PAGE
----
Ottoman's jewel ; Topkapı Palace
The first palace of the era following the conquest was built on today’s Beyazit Square. After that palace, which has left almost no remains, a new one was built. The new palace in Sultanahmet, of which construction ordered by Mehmed II. finished in 1478, was originally called the New Palace (Saray—i Cedid or Yeni Saray), but it was to be known as the Topkapı Palace (Topkapı Sarayi). The initial size of the Topkapı Palace, the administrative center of the Ottoman Empire for about 380 years, was 700 thousand sqm. The palace mirroring the magnificent side of the empire was to remain as one of the "most intriguing places of the world" for hundreds of years. However, in the 19th century, the modern lifestyle represented by the new palaces of Dolmabahce, Beylerbeyi and Yıldız, which were built along the Bosphorus, disgraced the Topkapı Palace. Sultans and members of their families gradually left Topkapı. When the valuable artifacts protected in the Chambers of Treasury and Sacred Relics (Kutsal Emanetler) began to attract great interest among foreign ambassadors, presentations of them has become a tradition and after the order of Sultan Abdulaziz, articles in the palace were started to be put into glass cases. Topkapı Palace was transformed by Mustafa Kemal Ataturk in 1924 into a state museum.
The Topkapı Palace, which is conveying the story of a unique culture that lasted hundreds of years, constitutes the mysterious side of a cultural richness that cannot be easily explored through visiting, watching or reading. The Imperial Treasury where invaluable jewels are exhibited, the Chamber of the Sacred Relics (Kutsal Emanetler Bölümü) and the Imperial Harem are still the most popular sections of the museum. Countless artifacts including elegant wall and table clocks and pocket watches, calligraphic works, miniatures, oil paintings, documents, books and writing sets are exhibited in the museum, which has currently a total size of 80 thousand sqm.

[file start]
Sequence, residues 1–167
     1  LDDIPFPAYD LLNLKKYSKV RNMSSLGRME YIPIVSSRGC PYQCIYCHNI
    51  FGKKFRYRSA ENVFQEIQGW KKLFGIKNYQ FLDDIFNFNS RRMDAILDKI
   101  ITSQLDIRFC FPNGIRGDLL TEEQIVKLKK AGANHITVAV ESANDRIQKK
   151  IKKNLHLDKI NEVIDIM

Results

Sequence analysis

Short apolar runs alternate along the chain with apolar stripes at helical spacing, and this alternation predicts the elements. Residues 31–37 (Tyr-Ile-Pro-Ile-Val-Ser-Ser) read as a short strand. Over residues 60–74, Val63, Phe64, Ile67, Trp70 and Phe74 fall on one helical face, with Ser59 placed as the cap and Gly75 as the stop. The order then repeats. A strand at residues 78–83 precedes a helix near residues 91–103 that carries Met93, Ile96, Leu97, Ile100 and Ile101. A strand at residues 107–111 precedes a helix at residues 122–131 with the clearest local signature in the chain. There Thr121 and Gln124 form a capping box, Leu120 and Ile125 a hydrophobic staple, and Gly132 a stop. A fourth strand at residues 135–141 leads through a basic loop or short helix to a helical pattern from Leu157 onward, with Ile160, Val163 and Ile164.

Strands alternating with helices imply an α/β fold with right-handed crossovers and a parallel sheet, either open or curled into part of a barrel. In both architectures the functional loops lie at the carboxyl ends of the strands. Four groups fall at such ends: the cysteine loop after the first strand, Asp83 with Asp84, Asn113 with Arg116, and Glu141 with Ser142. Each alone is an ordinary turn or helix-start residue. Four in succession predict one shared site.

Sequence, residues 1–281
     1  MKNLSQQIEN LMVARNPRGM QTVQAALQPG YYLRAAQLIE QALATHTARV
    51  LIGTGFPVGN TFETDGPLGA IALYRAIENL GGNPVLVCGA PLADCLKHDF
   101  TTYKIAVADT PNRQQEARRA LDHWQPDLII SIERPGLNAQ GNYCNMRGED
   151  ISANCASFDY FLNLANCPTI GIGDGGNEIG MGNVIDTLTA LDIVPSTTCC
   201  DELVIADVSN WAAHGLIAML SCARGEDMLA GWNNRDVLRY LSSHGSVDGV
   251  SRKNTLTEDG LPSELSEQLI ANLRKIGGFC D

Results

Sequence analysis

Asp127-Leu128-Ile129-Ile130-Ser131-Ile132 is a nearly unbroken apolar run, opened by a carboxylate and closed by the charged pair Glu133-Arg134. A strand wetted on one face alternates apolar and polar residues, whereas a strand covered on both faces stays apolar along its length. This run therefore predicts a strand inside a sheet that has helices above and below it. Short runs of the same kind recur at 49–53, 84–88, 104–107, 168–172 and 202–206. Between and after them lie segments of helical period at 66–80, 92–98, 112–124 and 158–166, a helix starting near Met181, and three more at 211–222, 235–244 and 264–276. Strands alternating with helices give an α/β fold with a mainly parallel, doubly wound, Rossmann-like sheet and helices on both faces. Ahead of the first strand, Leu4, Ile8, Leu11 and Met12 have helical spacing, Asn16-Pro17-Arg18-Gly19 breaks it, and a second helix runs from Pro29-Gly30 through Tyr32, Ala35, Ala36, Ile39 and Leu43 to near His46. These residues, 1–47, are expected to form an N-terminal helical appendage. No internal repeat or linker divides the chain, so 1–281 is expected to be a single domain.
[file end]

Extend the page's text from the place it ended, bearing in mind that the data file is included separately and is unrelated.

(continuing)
The Topkapı Palace was representing Istanbul, and Istanbul was representing the Ottoman Empire. ln fact, Mehmed II. chose the site of the palace as if he wanted to "vanish" the Byzantine Empire. The Topkapı Palace was built on the end of the Historic Peninsula, over the remains of a Byzantine Palace Basilica. Sultan ’s Wall (Sur-i Sultani) built during the reign of Mehmed II. surrounded the land side of the palace and complemented the sea walls remaining from the Byzantine era. The Imperial Gate (Bab—i Humayun), also known as the Gate of Sultan (Saltanat Kapisi), was used to enter the palace, which was not only a residence, but it was also a big complex where the state was administered, where the princes were educated and where the servants were staying. A 300 meters long way connects the Imperial Gate with the Gate of Salutation (Babu’s—Selam), also known as the Middle Gate (Orta Kapi)The area between those two gates constitutes the First Courtyard (Avlu or Alay Meydani). The Middle Gate has two towers made of stone and it is the main gate of the palace. Upon passing this gate, the Second Courtyard (II. Avlu) is entered. The most popular structure in this area is the Tower of Justice (Adalet Kulesi). This tower was symbolizing that sultans were valuing justice above all else. The Grand Vizier and viziers gathered, ambassadors were received and banquets in honor of special guests were held here.